A solid company culture is one that supports employees' efforts to grow and develop professionally so they can reach their full potential within the organization. Sometimes, these efforts may help the employee realize that they could learn more or would be a much better fit in a different department than they're currently in. Great leaders want their employees to succeed -- even in a different department -- but if the transition isn't done thoughtfully, transferring workers to other departments can cause disruptions and destabilize team morale.

To help, these six entrepreneurs offer their best advice on how to effectively move employees to a new department so as to help them continue their growth and development, with minimal disruption to the organization.

Plan in advance, and create a framework.

The first step before beginning the move is the development of a clear plan of action, according to WPBeginner co-founder Syed Balkhi: "Creating a plan for any action is always a good idea, and this holds true for internal transitions as well."

Having a strategy in place will help both the employee and the department they want to be transferred to. "You can create a framework that helps your employee and the other people involved understand what tasks to carry out and whom to report to," Balkhi explains.

Talk to everyone involved.

"Before moving an employee to a new department, talk to the employee, their head of department, and the head of the department they want to move to," Matchnode co-founder Chris Madden advises, agreeing on the importance of having a clear plan with clear communication.

Management should first have conversations with all parties involved -- individually to assess the situation, and then together to work out all the details. "Use the meeting to plan a gradual transition of responsibilities so that no one is wrong-footed by the move," Madden says.

Look at their existing work.

If an employee voices interest in learning and moving to a new department, managers should first look at their record and work to determine if they are a good fit for the position, SeedProd founder John Turner thinks.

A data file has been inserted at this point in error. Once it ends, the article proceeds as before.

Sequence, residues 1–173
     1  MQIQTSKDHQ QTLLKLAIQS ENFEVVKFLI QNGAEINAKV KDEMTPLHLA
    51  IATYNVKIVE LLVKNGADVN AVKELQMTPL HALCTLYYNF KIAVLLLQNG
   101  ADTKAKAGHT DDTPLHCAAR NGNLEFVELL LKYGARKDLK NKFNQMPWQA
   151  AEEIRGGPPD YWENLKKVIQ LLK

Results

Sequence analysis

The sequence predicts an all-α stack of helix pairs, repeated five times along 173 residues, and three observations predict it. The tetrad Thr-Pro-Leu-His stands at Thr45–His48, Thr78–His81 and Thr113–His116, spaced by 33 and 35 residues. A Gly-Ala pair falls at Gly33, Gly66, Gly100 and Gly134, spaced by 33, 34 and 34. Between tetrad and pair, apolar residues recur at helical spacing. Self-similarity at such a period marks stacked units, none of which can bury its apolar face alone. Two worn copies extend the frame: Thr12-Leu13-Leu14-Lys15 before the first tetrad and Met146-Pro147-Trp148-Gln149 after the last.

"If not, you can suggest ways they can improve at their existing job, and encourage them to ask again once they've implemented your advice," Turner adds. If the employee has exceeded expectations, managers should go ahead and talk to the department and work out a schedule for the employee to train for their new role.

Start with a cross-functional project.

"Cross-functional work involves working on or with multiple teams at the same time to accomplish a goal," Jared Polites, partner at LaunchTeam, explains. While looking at their existing work can be a good indicator as to whether they're a good fit for their desired new department, assigning them a specific project can be more relevant in some cases. 

"Find a project that gives them a chance to prove themselves and even see if the other team is made up of people they would be happy working with," Polites suggests. "Doing this will prevent premature decisions that could harm all involved."

Find them a sponsor.

To ensure a smooth transition, managers could assign the employee a sponsor or a mentor, thinks Chris Harris, founder and president of BridgeTech. This would be very helpful for all parties involved, most of all for the employee who is interested in taking on a new role with new responsibilities.

"If you can foster a culture of employees being able to follow their intellectual interests into other areas of your company, the folks who do that first can mentor the ones that do it second and third," Harris explains. "Otherwise, if this is the first time, try and find a 'sponsor' -- an existing member of the team who is familiar with the new role who can foster the transitioning employee, even if that's you!"

Make them feel valuable.

No matter how you approach this transition, the important thing is making your employee feel valued and valuable in their department, and also listening to them and considering their requests, according to Patrick Barnhill, president of Specialist ID.

Listening to employees' needs is vital for business success. After all, moving the employee to the department they are interested in could turn out to be a vector for further economic growth for the company and personal growth for the individual, Barnhill underlines. "People want to feel fulfilled with their jobs, so it is important to accommodate your employees accordingly and make sure they are happy."